German Chancellor Angela Merkel said Sunday that she would not rule out letting a eurozone country default on its debts once the currency union has its permanent rescue fund in place.
In an hour-long interview with ARD television, Merkel underlined the importance of an expanded mechanism to prevent future crises, such as that in Greece, from spilling over into other nations.
The German parliament is set to vote Thursday on expanding the powers of the European Financial Stability Facility to allow it to buy government bonds, help bail out banks and quickly loan money to troubled countries.
Merkel said that once the EFSF's permanent successor, the European Stability Mechanism, is in place, "I don't exclude that we at some point ... that one could do the insolvency of a state just as of banks." The ESM is currently slated to start in 2013.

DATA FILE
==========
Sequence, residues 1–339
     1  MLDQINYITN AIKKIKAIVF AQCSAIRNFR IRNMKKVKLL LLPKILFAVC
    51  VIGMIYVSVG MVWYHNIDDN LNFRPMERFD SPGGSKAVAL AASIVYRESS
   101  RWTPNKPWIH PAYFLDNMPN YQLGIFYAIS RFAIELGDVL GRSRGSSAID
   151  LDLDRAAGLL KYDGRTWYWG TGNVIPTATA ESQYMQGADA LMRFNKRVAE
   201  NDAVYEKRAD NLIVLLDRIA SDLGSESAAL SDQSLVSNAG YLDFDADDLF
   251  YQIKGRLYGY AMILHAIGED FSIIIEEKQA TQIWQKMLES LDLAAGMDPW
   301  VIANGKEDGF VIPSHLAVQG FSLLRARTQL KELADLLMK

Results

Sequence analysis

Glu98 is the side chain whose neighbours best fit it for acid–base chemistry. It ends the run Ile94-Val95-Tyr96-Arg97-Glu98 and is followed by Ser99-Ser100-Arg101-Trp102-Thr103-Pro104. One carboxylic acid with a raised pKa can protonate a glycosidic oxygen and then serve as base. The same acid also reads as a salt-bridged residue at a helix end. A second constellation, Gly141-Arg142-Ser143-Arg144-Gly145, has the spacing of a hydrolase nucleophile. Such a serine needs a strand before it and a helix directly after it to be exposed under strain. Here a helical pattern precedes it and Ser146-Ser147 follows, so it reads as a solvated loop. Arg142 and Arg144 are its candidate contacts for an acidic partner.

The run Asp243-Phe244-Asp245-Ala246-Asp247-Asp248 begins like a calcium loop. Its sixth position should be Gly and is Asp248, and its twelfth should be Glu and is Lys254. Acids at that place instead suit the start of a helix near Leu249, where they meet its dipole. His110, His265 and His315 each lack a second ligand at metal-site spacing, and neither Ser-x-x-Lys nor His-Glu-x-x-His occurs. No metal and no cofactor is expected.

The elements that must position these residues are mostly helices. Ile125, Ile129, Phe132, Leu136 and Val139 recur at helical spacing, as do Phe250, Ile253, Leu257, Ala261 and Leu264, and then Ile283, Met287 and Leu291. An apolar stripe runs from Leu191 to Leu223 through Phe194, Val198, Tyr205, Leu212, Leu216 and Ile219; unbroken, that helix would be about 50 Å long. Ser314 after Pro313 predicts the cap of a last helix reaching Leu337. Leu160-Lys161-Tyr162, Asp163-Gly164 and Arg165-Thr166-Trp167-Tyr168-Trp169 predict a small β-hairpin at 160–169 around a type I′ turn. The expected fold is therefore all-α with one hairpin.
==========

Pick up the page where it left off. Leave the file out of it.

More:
The chancellor also said a permanent structure would allow other European partners to set up a "barrier" around Greece to prevent a domino-effect on other nations.
Merkel underlined her argument for making changes to European regulations in order to allow for an "ability to intervene" to discipline member nations that fail to stick to the regulations set up to govern the common currency.
"We must only take steps that we can truly control," Merkel said.
Merkel expressed confidence that her governing coalition would be able to pass the expanded rescue fund.
"I would like to have a majority and I am confident that I will get it," Merkel said.
Opposition parties have said they would support the expanded rescue fund, ensuring its passage despite dissent from coalition members who have threatened to withhold their support.